Understanding barriers and approaches to communicating health economic evidence: systematic review and needs assessment

Abstract text
Background: Economic evaluations are a key component of evidence-informed decision-making. However, gaps exist in understanding economic evaluations. Improved methods of communicating economic evaluations may increase understanding of health economic evidence and enhance its role in policy decision-making.

Objectives: To identify barriers and requirements for communicating health economic evidence to a non-technical audience.

Methods: (1) A systematic review was conducted identifying ways of using economic evidence; barriers to using economic evidence; comprehension of economic evidence and methods of communicating economic evidence. All studies with a defined methodology and reporting on methods, interventions or tools conveying economic evidence were included. Cochrane systematic review methodology was followed and risk of bias assessed. (2) A needs assessment was also conducted using a small purposive sample of the general public with exposure to economic evidence and health policy decision-making. Key informant interviews (N=7) identified challenges in understanding health economic evidence.

Results: Twenty-two studies were included. Most studies were surveys and interviews (semi-structured or key informant). Common study limitations were selection and detection bias. Despite heterogeneity of studies, conclusions were consistent across studies. Economic evidence was used to determine public health costs and resource allocation; support drug funding decisions; and inform cost-effectiveness analyses. Common barriers to using economic evidence were technical language and challenges transferring to the local context. Comprehension of economic evidence was low among all audiences. Improving communication should focus on clearly presenting cost-effectiveness analyses with the appropriate amount and level of detail. These findings were corroborated by the needs assessment. Key informants confirmed they have challenges understanding economic evaluations and indicated economic information should always be presented in the simplest, non-technical manner possible.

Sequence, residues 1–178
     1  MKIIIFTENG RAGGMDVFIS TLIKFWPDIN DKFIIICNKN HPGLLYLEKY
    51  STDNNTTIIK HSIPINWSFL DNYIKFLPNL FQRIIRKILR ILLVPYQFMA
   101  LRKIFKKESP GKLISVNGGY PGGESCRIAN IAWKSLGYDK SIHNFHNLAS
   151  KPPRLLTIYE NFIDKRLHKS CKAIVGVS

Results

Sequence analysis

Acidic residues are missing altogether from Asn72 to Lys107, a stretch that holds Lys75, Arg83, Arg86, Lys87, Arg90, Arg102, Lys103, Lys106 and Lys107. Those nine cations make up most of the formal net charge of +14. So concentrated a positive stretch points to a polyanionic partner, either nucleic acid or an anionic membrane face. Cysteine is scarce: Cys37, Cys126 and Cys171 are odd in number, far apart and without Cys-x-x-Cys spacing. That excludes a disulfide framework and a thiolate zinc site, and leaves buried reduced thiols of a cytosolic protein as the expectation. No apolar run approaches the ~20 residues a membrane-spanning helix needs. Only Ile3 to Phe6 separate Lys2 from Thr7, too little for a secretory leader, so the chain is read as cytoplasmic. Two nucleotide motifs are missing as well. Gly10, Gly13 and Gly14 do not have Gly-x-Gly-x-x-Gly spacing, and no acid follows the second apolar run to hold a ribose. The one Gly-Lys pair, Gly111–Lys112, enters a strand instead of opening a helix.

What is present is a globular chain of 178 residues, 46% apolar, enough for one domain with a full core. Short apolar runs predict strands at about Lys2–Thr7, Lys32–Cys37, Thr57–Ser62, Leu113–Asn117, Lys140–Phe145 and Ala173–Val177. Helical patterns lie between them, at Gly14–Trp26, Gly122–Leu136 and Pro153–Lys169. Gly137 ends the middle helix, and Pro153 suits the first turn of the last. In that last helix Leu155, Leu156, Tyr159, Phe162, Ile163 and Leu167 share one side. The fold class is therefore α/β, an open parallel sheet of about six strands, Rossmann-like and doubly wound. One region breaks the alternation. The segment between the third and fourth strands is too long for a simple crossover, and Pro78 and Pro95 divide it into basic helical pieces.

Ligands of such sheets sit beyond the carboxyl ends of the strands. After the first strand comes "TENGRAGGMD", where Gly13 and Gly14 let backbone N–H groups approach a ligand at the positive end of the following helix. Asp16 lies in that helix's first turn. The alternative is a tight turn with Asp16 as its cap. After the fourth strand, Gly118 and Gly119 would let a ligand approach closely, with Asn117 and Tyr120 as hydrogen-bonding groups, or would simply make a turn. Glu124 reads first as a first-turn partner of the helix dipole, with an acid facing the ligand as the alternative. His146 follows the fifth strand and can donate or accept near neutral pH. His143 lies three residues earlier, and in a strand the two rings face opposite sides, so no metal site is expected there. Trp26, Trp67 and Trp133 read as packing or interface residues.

Conclusion: Effective communication of economic evidence requires concepts to be simplified and contextual examples provided. Findings will inform development of tools that enhance communication and understanding of economic evaluations.
Sullivan S1, Akbar Z2, Bell C3, Sabharwal M4
1 University of Ottawa, Canada
2 McMaster University, Canada
3 University of Toronto, Canada
4 pan-Canadian Oncology Drug Review, Canada
Presenting author and contact person
Presenting author: 
Shannon Sullivan
Contact person Affiliation Country
Shannon Sullivan (Contact this person) University of Ottawa Canada
Date and Location
Oral session B9O3
Tuesday 2 October 2012 - 11:40 - 12:00